Kevin Spacey regards late actor Jack Lemmon as a key influence in his life. He often quotes Lemmon’s famous remark:
“If you’re lucky enough to have done well, then it’s your responsibility to send the elevator back down.”
I thought about those comments as I read this year’s Am Law 100 listings and then took another look at last year’s. Rather than sending the elevator back down, most biglaw leaders seem to be pulling the ladder up.
A year ago, the editors of American Lawyer observed that since 1999, the number of non-equity partners in Am Law 100 firms increased threefold. But the equity ranks rose by only one-third. For context, that was a decade when demand for all legal services surged and large firms in particular experienced explosive growth in revenues, headcount, and profitability.
In other words, there was more room everywhere — except at the top, apparently.
The May 2010 issue of American Lawyer noted that as gross revenues for the Am Law 100 fell, average equity partner profits for the group actually increased to over $1.26 million. How did that happen?
Answer: A multi-pronged attack.
First, firms increased productivity — which is another way of saying that some associates lost their jobs so the survivors could bill more hours. Remember Black Thursday in mid-February 2009 — a second St. Valentine’s Day massacre?
Second, they reduced staff, slashed summer programs, deferred or withdrew previous offers to new hires, and cut other expenses.
Finally and less publicly, some firms quietly moved equity partners to income status while putting the brakes on new entrants to the equity ranks. As a result, the number of non-equity partners rose again in 2009. That bulge in the biglaw python now comprises almost 40% of all Am Law 100 law firm partners.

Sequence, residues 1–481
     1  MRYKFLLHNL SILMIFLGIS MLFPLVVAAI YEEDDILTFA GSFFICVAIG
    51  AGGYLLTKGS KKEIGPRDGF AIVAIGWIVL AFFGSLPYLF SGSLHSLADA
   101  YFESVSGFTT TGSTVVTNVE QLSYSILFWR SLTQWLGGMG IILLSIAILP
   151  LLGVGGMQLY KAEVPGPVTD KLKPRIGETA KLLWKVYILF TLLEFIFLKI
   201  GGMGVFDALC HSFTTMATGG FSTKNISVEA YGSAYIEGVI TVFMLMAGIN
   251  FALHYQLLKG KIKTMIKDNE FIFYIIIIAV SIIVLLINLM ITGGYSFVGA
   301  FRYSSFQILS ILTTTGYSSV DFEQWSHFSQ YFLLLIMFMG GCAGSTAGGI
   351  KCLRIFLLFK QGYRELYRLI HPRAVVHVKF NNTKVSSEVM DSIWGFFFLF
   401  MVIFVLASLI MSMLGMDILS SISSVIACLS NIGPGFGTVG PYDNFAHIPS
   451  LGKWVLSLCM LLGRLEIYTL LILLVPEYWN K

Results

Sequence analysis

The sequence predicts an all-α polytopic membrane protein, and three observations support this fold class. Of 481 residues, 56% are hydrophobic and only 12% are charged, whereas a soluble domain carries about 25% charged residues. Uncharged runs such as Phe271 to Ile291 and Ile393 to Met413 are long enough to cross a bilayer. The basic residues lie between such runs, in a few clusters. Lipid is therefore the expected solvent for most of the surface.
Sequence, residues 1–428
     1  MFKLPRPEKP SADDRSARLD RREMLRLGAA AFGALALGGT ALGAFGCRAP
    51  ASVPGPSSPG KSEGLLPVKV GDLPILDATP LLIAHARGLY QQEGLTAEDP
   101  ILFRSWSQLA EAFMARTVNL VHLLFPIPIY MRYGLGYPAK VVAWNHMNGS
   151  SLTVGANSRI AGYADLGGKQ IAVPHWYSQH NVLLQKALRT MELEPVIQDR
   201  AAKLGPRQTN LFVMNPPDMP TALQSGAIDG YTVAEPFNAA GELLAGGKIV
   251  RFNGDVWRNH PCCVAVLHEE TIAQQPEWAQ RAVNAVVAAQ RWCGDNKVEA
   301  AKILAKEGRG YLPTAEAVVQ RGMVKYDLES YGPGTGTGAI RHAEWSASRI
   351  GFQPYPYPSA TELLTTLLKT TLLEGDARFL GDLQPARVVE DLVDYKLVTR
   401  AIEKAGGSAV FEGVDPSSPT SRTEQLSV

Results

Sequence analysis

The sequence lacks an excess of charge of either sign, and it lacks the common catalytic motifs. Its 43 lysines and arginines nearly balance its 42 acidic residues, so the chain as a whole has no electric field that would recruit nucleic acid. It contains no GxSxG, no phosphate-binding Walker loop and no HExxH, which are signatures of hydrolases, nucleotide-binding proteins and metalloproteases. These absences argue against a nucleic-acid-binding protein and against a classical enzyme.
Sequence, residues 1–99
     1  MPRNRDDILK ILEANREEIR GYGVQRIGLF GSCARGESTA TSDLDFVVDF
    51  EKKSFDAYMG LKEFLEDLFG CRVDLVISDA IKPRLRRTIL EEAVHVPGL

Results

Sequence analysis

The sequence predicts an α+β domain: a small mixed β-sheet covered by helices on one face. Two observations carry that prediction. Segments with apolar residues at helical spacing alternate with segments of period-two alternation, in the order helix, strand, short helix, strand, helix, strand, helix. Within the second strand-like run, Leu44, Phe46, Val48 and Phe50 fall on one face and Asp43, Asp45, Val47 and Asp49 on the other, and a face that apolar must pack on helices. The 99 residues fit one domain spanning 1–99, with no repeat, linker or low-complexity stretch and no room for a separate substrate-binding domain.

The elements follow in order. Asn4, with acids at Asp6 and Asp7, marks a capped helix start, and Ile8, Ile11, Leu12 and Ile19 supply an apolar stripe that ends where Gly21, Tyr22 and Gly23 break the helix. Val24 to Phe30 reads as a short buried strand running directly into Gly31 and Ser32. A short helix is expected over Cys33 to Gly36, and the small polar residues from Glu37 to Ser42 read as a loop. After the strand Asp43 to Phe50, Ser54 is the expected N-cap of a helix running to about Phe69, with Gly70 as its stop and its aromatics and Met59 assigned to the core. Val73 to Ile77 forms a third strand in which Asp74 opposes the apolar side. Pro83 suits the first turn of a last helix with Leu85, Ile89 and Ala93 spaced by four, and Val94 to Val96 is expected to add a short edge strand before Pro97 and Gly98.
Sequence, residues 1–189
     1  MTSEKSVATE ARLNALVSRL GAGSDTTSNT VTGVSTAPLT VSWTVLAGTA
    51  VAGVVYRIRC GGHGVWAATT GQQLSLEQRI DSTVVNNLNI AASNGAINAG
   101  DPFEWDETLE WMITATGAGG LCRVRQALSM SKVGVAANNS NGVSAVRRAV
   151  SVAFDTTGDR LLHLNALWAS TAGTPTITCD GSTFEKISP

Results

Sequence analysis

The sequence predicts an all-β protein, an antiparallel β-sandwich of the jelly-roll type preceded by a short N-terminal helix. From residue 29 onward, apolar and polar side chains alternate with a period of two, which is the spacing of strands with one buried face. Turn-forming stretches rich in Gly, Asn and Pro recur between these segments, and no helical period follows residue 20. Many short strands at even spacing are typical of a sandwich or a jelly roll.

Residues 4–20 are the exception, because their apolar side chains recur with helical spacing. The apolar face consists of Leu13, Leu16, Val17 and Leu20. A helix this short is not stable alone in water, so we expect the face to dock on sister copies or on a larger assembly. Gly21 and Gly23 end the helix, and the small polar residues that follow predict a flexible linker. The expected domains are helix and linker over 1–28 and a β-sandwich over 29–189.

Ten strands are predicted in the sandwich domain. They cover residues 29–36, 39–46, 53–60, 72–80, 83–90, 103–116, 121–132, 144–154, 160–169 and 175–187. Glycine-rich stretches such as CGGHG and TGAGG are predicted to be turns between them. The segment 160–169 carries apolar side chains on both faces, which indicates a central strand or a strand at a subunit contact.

Where will they go?
Maybe someday the biglaw benefactors bankrolling the National Association for Law Placement (NALP) will allow that organization systematically to gather tracking data that will tell us, just as it does for associates. You might think that all of the free market proselytizers in large firms would embrace more transparency on a topic of such central importance to law students trying to make career decisions.
Think again. NALP tried, but the organization ceased collection efforts in December 2009 because firms balked at providing it. In April, a prominent group of judges, professors, and attorneys wrote a letter criticizing NALP’s capitulation. In response, its executive director offered assurances that the board would consider the issue on April 26.